How the Government can encourage innovation in housing and infrastructure.
During the summer, the House of Lords Science and Technology Select Committee published its report entitled ‘Off-site manufacture for construction: Building for change’, which argued that the UK’s construction cannot meet the current demand for housing and infrastructure. In the face of labour shortages and a significant dip in productivity, the report argued, the Government and construction industry must work together to seek solutions.
However, our experts in research & development (R&D) tax and government grants argue that if the Government wants to really encourage innovation within the sector, then it should consider:
- Redefining the R&D tax eligibility criteria. The current definition is archaic, having been established more than 30 years ago, which often means that construction and engineering businesses simply don’t understand its applicability and therefore fail to get the most out of the financial support Government provides. With Brexit looming, the UK has an opportunity to lead the conversation and to introduce a definition that is more suited to the modern world.
- Clarifying and redefining outsourced R&D – namely, subcontractors versus externally provided workers - which remains a notoriously grey area. Large main contractors bear the risk associated with design and build works but are not entitled to claim any support if they subcontract work. This cannot be sustainable. If these contractors agree to bear the risk, surely they should reap the rewards of Government support?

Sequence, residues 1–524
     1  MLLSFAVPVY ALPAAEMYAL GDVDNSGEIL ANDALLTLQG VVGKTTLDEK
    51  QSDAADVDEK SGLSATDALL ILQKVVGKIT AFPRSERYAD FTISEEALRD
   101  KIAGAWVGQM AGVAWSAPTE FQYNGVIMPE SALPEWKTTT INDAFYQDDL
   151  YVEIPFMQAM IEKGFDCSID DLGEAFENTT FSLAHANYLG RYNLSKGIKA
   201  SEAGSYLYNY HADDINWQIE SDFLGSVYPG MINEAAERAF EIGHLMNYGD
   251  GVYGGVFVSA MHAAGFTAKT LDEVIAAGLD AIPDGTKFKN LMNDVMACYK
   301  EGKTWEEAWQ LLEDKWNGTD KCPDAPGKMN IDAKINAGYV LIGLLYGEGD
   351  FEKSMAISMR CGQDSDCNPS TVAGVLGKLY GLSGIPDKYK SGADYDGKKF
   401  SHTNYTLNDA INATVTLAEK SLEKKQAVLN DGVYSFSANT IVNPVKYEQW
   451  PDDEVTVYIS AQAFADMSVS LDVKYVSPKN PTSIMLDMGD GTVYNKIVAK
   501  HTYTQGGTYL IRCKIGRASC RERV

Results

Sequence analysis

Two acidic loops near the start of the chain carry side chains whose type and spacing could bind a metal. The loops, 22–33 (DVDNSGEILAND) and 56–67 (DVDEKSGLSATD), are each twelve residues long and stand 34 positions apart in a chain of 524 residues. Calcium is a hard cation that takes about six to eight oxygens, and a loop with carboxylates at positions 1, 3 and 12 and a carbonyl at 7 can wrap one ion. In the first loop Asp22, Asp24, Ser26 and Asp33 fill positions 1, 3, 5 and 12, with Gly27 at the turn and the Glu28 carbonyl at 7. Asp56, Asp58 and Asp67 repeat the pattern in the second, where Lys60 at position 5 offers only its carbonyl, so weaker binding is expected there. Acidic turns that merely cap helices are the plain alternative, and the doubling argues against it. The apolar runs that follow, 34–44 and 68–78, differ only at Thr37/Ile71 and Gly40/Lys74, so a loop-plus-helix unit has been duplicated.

- Introducing an advance assurance regime for large companies. As things stand, due to the lack of certainty, large organisations will not factor incentives (R&D tax) into any investment decisions or tenders. If large organisations could prospectively apply for Government support, just imagine the additional value and the overall increase in productivity.
- Providing greater lead time on Innovate UK grant calls & applications, which is currently between six to eight weeks. In reality, very few organisations have projects or ideas that are fit for purpose, which means that applications are often rushed. In essence, this time constraint means that as it stands organisations are probably not submitting their best, most coherent or innovative ideas or projects.
By considering these straightforward changes, the Government could swiftly provide the sector with the much-needed clarity and certainty it so desperately requires over a period of unprecedented change.
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By necessity, this briefing can only provide a short overview and it is essential to seek professional advice before applying the contents of this article. No responsibility can be taken for any loss arising from action taken or refrained from on the basis of this publication. Details correct at time of publication.